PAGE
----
Ed Driscoll

'Is Politics a Liberal Game?'

That’s the question that “Lady Kurobara” is asking at Ricochet.com:

Over on Dave Carter’s thread, “What Say You?” Ricochet member Freeven offered a brilliant observation — so good that it deserves its own thread.  So I am posting it here on Freeven’s behalf (without his knowledge or permission, let it be noted):

Alas, government is a Liberal’s game. The best conservative candidates, almost by definition, never get off the bench. They have better things to do. Liberals will ultimately prevail because they’ve got their All-Stars matched up against our second stringers.

That point deserves a lot more attention and warrants a lot more discussion.  I have noticed the same phenomenon.  Liberals and Democrats always seem to be more deeply involved in politics, and the level of their emotional commitment is downright unhealthy.  Plus, liberals are far more likely to view politics as a livelihood.  A liberal acquaintance once explained it to me very succinctly: “There is a feeling among Democrats that, if you don’t win, you don’t eat.

Speaking of comments, a comment to her post is worth quoting as well:

Democrats are the modern version of the people who hung around the King’s court seeking favors.  They are the astrologers, mathematicians, scholars, artists, entertainers, and sycophants who live by providing services to the King.

The Republicans are the Bourgeoisie, performing useful work, but not having time to spend the whole day at court. They are useful to the King when the King needs money, but otherwise held in contempt by the aristocratic coterie.

One of the reasons why the president and his media courtiers were so eager to smear the Tea Parties six ways to Sunday is that they represent a sea change in American political thinking. Recall P.J. O’Rourke and Andrew Ferguson’s classic riff on leftwing protest movements 20 years ago in Parliament of Whores

“How come,” I asked Andy, “whenever someone upsets the Left, you see immediate marches and parades and rallies with signs already printed and rhyming slogans already composed, whereas whenever someone upsets the Right, you see two members of the Young Americans for Freedom waving a six-inch American Flag?”

“We have jobs.” said Andy.

…And then what Rick Moran wrote about the mammoth Glenn Beck-Tea Party-9/12 rally last year: “the first truly conservative mass movement in American history:”

What makes Saturday’s massive turnout around the country so significant is that it is the first truly conservative mass movement in American history. The amorphousness of conservatism until the 1950s probably had something to do with that. Conservatism prior to then was rather clubby and its “leaders” had very little interest in developing a mass movement like labor, socialists, or communists were attempting to do. Even the candidacies of Goldwater and Reagan were more party-oriented than ideological in nature, although there is little doubt that conservative activists learned how to organize an effective movement by being involved in both those races.

I think it unfair for the media or the left to characterize this movement as “Republican.” The fact that GOP politicians are seeking to hijack the movement for their own purposes should tell you that they themselves feel the separation and are drooling over the prospect of tapping the enthusiasm, the anger, and the commitment of the protestors for electoral gain.

It is definitely an opposition movement, however. Certainly there is mass unhappiness with President Obama and his policies. And there is opposition to the Democrats in Congress. But does this really translate into electoral strength for Republicans? I am going to go out on a limb and say no. The anger here is a reaction (reactionary?) against a growing government, higher taxes, and the sense that the country that they grew up in is slipping away right before their eyes.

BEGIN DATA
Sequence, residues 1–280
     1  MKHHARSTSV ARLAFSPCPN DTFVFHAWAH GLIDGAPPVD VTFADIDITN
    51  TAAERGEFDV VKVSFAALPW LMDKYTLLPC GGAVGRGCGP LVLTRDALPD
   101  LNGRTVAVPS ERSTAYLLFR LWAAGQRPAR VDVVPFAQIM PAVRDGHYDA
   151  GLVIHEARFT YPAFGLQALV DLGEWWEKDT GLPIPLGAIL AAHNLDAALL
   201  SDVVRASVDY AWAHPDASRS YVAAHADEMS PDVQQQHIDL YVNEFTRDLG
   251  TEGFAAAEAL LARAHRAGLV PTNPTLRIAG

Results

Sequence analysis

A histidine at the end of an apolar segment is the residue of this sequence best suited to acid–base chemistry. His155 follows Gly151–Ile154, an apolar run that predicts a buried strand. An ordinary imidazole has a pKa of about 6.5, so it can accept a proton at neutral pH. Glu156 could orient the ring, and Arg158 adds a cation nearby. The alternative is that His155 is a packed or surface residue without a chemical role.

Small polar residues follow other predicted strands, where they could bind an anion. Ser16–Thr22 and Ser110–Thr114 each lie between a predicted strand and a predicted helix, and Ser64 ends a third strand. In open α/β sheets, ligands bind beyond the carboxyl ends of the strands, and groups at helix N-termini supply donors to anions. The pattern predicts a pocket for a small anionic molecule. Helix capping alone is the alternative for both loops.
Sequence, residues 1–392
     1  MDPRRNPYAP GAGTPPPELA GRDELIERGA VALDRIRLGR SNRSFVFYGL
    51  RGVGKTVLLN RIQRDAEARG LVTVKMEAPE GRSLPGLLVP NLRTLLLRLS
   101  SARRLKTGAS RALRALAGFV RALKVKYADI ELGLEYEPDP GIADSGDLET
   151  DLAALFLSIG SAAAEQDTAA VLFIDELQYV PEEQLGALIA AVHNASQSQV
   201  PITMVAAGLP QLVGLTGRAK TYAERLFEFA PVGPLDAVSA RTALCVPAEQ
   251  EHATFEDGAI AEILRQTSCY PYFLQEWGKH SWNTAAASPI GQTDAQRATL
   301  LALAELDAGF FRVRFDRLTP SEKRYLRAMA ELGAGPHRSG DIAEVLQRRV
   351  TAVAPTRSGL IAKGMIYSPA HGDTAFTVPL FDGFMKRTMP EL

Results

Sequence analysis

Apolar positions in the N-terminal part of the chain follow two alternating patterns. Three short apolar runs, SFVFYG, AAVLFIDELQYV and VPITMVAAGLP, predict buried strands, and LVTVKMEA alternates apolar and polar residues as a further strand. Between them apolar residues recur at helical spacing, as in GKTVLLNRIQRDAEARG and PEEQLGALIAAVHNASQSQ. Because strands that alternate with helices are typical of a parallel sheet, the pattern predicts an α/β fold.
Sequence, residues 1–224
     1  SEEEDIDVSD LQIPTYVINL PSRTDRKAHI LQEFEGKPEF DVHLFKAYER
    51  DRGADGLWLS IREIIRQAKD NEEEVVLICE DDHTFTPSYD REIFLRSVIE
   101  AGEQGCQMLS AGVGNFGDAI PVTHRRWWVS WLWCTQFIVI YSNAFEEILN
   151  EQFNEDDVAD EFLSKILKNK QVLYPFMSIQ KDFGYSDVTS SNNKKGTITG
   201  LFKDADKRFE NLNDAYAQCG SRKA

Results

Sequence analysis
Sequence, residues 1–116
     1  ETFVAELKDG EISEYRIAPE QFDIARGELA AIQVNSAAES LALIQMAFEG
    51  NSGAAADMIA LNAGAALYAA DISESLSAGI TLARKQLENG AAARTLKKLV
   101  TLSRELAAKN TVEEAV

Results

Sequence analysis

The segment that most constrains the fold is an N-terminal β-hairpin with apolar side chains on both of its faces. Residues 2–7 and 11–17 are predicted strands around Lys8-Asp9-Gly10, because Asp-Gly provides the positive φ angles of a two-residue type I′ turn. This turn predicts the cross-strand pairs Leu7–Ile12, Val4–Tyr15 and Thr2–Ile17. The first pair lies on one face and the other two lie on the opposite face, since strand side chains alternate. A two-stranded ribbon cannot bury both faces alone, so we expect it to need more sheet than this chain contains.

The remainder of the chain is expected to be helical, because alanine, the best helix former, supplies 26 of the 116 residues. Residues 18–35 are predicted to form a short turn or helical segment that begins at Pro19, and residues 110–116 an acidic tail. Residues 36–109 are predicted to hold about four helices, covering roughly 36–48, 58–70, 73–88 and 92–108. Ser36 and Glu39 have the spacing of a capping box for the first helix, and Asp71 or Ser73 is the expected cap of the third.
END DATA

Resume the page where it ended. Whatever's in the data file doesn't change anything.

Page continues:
And as Kevin Williamson wrote yesterday at NRO, proffering “A Few Words In Praise of Fear:”

Funny what catches the notice of politicians. I was a newspaper editor for years, and I’ve had at least a dozen politicians tell me: “We don’t really give a damn what you write about us in the editorials. We don’t even really read them. But if we start seeing letters to the editor, we notice. Any time one constituent is ticked-off enough to take the time to write a letter, that’s significant. One guy writing a letter means that there are 500 more who agree but don’t take the time to write.” One guy writing a letter represents a few hundred people in the mind of Joe Congressman. Those Tea Party rallies, too, loom a lot larger than the raw numbers would suggest, impressive as those raw numbers have been. Joe Congressman does not want to see that crowd camped out on his doorstep.

The second reason used to dabble in witchcraft. Say what you like about Christine O’Donnell and her incompetent nut-cluster of a campaign, she showed the Republican establishment that the Tea Party, and the fiscally discontent at large, are willing to run a kamikaze candidate against any RINO target of opportunity. And not all of the challengers are going to be O’Donnell-type buffoons. Sharron Angle was a much more serious candidate and ran a much more serious campaign. Pat Toomey chased Arlen Specter out of the Republican party and then put the smackdown on his Democratic opponent — a retired admiral, let’s remember, not some wild-eyed hippie — in the general. Pat Toomey scares the old guard. They do not want to see a dozen Pat Toomeys showing up in Republican primaries next time around. Kay Bailey Hutchison does not want some Stetson-wearing Toomey showing up in her backyard.

So “Is Politics a Liberal Game?”

For the moment, yes. Whether it continues in that direction is up to you.